“According to the Bureau of Labor Statistics, Millennials will be the largest generation in the workforce by then end of 2015 (which is rapidly approaching). This should not be shocking considering Millennials are quickly becoming the most influential population in our market today as they are graduating from college and reaching their peak employment years.
These Millennials are entering the workforce and they are bringing with them a new perception of what office life should be like and how relationships between employers and employees should be structured. In order to create the most Millennial friendly workplace, there are a few things you should know about the generation that will represent nearly 75 percent of the work force by 2030”.
- They want to grow, even if that means growing out of your company.
Can you guess the average tenure of Millennial employees? Two years. In the span of a professional career, two years seems to hardly make dent. In comparison, the average tenure for Gen X employees is five years and seven years for Baby Boomers. One of the primary reasons Millennials are more likely to change jobs is because they are not willing to stick around if they do not believe they are receiving any personal benefit or growth.
Millennials embrace a strong entrepreneurial mindset and they are often on the lookout for opportunities that can continue to move them up the ladder, even if that means up and out of their current position. As digital natives, Millennials have grown up in an era where the number of resources they have is almost infinite making them more efficient problem solvers and critical thinkers.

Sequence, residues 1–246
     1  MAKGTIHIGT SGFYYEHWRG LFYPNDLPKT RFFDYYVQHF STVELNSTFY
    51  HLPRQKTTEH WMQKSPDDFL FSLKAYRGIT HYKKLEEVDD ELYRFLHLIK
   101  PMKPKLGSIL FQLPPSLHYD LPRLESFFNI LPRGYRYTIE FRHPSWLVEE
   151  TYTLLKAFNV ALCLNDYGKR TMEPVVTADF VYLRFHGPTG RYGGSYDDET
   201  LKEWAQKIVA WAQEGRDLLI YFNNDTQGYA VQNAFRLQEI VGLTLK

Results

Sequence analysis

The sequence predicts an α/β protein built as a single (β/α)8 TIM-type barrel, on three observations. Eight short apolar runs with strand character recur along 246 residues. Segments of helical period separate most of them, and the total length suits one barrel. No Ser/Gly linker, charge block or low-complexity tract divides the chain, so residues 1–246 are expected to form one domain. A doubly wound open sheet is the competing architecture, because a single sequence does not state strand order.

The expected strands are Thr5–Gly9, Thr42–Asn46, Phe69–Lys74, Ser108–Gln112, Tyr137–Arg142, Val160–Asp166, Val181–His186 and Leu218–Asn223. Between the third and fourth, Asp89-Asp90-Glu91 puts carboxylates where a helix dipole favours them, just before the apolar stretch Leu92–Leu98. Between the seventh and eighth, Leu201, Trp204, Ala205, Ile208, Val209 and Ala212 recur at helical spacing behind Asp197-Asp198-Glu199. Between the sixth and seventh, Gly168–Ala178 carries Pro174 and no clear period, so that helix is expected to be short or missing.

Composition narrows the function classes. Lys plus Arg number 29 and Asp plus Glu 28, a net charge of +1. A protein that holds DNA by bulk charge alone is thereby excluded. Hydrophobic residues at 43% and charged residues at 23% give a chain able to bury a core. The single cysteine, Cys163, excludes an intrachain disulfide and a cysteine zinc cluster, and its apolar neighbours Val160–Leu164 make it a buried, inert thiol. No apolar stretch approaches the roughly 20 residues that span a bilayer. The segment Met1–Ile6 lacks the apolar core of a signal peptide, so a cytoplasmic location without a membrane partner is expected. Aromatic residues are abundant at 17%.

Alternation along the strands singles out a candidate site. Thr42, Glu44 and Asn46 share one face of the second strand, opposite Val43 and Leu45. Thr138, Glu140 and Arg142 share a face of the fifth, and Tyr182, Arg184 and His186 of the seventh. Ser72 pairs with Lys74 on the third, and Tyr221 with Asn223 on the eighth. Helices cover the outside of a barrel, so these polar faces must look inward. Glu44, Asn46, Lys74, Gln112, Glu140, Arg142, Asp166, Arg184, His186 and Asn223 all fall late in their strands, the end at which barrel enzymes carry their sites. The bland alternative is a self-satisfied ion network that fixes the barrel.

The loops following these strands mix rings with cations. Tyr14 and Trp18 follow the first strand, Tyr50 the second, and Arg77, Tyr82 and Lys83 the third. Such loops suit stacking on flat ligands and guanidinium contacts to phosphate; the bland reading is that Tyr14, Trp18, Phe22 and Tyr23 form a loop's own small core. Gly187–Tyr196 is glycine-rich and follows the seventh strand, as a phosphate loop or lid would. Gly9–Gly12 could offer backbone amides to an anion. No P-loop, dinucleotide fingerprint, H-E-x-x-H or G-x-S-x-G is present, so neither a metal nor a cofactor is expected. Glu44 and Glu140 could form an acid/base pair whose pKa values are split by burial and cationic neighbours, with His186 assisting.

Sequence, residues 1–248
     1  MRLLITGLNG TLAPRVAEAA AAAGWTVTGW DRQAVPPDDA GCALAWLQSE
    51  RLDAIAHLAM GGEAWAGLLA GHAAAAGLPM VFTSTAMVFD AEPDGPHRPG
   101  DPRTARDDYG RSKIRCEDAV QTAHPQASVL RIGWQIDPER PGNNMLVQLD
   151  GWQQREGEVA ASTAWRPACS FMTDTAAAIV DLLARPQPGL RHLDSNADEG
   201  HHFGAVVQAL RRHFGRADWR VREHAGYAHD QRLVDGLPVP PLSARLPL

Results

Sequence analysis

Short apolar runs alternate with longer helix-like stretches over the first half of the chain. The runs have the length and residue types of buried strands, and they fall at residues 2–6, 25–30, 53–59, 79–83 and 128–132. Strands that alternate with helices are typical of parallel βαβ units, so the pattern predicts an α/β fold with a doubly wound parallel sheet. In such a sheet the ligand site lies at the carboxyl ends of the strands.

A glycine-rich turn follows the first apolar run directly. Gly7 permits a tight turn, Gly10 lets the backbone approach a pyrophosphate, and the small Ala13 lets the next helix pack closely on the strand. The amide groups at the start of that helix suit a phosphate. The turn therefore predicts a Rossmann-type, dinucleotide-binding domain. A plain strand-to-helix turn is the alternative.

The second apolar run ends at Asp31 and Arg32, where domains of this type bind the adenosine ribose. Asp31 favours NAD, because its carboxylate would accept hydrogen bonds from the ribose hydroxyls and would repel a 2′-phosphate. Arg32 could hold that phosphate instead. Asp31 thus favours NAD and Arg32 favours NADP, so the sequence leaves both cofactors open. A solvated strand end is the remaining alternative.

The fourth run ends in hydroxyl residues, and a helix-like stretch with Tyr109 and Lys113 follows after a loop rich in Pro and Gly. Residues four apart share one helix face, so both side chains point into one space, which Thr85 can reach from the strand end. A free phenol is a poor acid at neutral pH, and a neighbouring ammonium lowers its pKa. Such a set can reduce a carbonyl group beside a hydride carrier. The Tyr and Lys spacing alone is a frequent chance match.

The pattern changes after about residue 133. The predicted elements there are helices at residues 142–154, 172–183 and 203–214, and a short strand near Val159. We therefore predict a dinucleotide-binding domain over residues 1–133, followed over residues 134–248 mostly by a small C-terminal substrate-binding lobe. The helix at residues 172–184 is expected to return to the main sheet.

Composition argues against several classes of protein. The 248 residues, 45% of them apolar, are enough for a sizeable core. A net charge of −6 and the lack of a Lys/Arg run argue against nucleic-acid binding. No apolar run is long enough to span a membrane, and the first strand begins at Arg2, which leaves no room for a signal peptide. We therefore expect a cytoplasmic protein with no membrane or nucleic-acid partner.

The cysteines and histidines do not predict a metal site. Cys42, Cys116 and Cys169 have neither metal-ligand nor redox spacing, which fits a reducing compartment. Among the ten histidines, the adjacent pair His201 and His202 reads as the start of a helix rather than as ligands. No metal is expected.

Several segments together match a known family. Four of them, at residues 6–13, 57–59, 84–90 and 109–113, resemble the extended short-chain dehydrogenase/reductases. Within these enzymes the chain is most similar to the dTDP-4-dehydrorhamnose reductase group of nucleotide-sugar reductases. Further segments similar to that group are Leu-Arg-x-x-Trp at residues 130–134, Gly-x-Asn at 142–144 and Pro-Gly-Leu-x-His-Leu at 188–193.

- They want a coach, not a boss.
Piggy backing off of the previous insight, Millennial employees expect greater accessibility to the leadership in their offices and are looking for more mentorship rather than just direction. Research shows that the number one reason Millennials are likely to leave their current job is because of their boss. Creating an environment where Millennial employees feel supported and valued by the leadership team will lead to increased productivity and valuable relationships.
That means that employee/employer relationships must extend beyond just the formal annual work review. According to a recent survey conducted by TriNet, a company dedicated to providing HR solutions, 69 percent of Millennials see their company’s review process as flawed. A major reason for this is because of the lack of feedback throughout the year. The survey also found that three out four Millennials feel in dark about their performance and nearly 90 percent would feel more confident if they had ongoing check-ins with their bosses.
“The more frequent the check-ins are, the better,” said Rob Hernandez, Perform Product Manager at Trinet. “The biggest issue with the annual review process is the formality. There is often more emphasis on reflection rather than opportunities for improvement in the future.”
- They don’t want to waste time on the little things.